Reagan Baby

Ross Golan & Molehead

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Reagan Baby Review

by Eric Schumacher-Rasmussen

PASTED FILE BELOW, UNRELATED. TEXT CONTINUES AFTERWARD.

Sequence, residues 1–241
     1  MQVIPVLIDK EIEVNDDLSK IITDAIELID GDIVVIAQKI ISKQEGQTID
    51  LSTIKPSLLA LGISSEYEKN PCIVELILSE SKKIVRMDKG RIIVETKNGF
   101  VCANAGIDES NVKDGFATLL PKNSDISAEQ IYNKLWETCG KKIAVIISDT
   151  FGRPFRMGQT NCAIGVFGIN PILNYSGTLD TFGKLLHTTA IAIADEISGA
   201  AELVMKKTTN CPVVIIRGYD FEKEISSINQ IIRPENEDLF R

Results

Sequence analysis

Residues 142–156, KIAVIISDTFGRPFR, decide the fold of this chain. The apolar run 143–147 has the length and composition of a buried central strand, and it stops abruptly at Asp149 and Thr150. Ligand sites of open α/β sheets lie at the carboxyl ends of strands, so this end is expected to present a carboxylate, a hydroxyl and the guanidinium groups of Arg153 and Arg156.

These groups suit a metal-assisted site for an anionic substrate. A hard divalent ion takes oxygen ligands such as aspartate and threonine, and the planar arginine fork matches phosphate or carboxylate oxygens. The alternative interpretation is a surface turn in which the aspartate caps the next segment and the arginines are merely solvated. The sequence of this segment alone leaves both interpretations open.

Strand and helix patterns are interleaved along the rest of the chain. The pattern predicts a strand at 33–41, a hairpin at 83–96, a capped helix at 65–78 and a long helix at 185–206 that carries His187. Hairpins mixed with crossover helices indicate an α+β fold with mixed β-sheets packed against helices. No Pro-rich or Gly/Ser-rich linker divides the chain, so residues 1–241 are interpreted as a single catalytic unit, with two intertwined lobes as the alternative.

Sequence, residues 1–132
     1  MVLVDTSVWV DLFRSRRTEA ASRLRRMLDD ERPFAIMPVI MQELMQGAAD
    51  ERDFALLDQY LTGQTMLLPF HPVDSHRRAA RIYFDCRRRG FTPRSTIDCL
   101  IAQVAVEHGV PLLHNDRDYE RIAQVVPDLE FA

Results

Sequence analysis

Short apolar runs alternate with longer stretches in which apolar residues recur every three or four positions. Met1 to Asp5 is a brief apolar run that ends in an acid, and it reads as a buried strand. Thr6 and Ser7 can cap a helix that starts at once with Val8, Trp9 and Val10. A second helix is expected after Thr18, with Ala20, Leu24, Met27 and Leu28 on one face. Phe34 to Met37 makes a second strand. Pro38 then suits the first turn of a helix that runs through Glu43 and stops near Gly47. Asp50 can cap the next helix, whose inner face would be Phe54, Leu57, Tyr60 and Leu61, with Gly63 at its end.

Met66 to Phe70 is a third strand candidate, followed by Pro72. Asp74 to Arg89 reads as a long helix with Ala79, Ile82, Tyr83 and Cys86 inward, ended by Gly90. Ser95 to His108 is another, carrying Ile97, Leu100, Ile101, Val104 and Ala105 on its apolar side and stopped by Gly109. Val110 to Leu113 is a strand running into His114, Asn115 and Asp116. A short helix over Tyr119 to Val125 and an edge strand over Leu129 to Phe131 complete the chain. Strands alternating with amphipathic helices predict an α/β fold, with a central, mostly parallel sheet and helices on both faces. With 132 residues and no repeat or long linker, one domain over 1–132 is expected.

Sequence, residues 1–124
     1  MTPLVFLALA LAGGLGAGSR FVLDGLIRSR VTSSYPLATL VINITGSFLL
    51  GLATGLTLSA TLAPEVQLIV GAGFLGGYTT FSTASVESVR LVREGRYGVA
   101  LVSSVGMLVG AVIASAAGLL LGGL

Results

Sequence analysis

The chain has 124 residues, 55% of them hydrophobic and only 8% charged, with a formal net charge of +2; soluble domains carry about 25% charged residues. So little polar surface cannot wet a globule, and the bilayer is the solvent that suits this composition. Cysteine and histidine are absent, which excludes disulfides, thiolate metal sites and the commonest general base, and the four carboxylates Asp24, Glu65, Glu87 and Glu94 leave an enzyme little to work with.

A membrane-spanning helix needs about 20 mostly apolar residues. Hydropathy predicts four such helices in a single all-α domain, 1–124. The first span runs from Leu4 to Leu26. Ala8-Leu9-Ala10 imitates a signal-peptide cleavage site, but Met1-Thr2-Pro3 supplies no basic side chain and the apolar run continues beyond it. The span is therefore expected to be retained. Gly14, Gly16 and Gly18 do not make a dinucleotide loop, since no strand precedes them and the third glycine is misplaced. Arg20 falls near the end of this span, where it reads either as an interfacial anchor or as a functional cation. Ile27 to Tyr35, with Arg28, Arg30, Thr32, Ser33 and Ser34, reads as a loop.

Chicago native Ross Golan's a Reagan baby for real, born in 1980. Of course, that means he isn't actually old enough to remember much of what went on during that president's administration, but he knows his history well enough to know where George W. Bush's policies and strategies have their philosophical roots. Opening with a clip of children reciting "The Pledge of Allegiance" -- but with the words "under God" edited out -- Golan makes his political leanings clear from the get-go. With Golan rapping over Molehead's minimalist hip-hop beats and guitars, Reagan Baby then delivers the most pointed left-wing pop commentary since Rage Against the Machine closed up shop. On the loping "M.I.A.," he attacks both U.S. imperialism and the government's recurring history of arming countries with whom it later goes to war; on the smooth closer "Blinded By the Right," he takes aim at the Patriot Act and religious fundamentalism with a chorus based on Bruce Springsteen's "Blinded By the Light." (That's the album's second nod to Springsteen, the first coming in a sample of the 1984 speech in which Reagan tried to appropriate the Boss' "Born in the U.S.A." as a patriotic anthem.) Elsewhere, Golan attacks Eminem and Martha Stewart -- both easy targets, sure, but he strikes a bull's eye on the former: "The law's written to both conservatives and leftists/It says Vanilla Ice Preservatives can be sexist." Ross Golan & Molehead's music isn't terribly innovative, but the tunes and beats are catchy enough that their agitpop works.

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